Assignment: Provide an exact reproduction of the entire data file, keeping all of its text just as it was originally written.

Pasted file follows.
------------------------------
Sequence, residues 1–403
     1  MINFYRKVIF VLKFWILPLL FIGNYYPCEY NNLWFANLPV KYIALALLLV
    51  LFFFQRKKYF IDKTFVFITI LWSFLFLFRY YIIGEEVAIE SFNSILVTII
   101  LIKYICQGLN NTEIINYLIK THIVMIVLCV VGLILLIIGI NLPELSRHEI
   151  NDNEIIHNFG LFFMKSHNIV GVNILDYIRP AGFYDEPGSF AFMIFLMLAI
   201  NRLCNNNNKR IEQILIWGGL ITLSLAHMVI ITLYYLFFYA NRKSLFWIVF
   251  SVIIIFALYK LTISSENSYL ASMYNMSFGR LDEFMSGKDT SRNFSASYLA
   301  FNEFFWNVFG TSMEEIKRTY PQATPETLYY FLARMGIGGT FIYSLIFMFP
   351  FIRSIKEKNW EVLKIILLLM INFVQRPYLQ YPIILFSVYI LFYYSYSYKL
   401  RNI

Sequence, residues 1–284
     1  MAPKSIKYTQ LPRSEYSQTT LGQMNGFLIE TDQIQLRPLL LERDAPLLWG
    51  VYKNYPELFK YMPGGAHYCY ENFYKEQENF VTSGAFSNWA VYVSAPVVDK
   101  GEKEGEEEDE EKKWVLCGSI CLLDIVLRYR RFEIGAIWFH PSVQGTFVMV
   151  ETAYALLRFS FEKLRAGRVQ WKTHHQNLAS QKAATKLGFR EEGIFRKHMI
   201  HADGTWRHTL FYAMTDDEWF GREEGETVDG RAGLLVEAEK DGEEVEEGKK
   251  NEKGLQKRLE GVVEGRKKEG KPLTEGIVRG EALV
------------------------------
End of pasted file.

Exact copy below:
Sequence, residues 1–403
     1  MINFYRKVIF VLKFWILPLL FIGNYYPCEY NNLWFANLPV KYIALALLLV
    51  LFFFQRKKYF IDKTFVFITI LWSFLFLFRY YIIGEEVAIE SFNSILVTII
   101  LIKYICQGLN NTEIINYLIK THIVMIVLCV VGLILLIIGI NLPELSRHEI
   151  NDNEIIHNFG LFFMKSHNIV GVNILDYIRP AGFYDEPGSF AFMIFLMLAI
   201  NRLCNNNNKR IEQILIWGGL ITLSLAHMVI ITLYYLFFYA NRKSLFWIVF
   251  SVIIIFALYK LTISSENSYL ASMYNMSFGR LDEFMSGKDT SRNFSASYLA
   301  FNEFFWNVFG TSMEEIKRTY PQATPETLYY FLARMGIGGT FIYSLIFMFP
   351  FIRSIKEKNW EVLKIILLLM INFVQRPYLQ YPIILFSVYI LFYYSYSYKL
   401  RNI

Sequence, residues 1–284
     1  MAPKSIKYTQ LPRSEYSQTT LGQMNGFLIE TDQIQLRPLL LERDAPLLWG
    51  VYKNYPELFK YMPGGAHYCY ENFYKEQENF VTSGAFSNWA VYVSAPVVDK
   101  GEKEGEEEDE EKKWVLCGSI CLLDIVLRYR RFEIGAIWFH PSVQGTFVMV
   151  ETAYALLRFS FEKLRAGRVQ WKTHHQNLAS QKAATKLGFR EEGIFRKHMI
   201  HADGTWRHTL FYAMTDDEWF GREEGETVDG RAGLLVEAEK DGEEVEEGKK
   251  NEKGLQKRLE GVVEGRKKEG KPLTEGIVRG EALV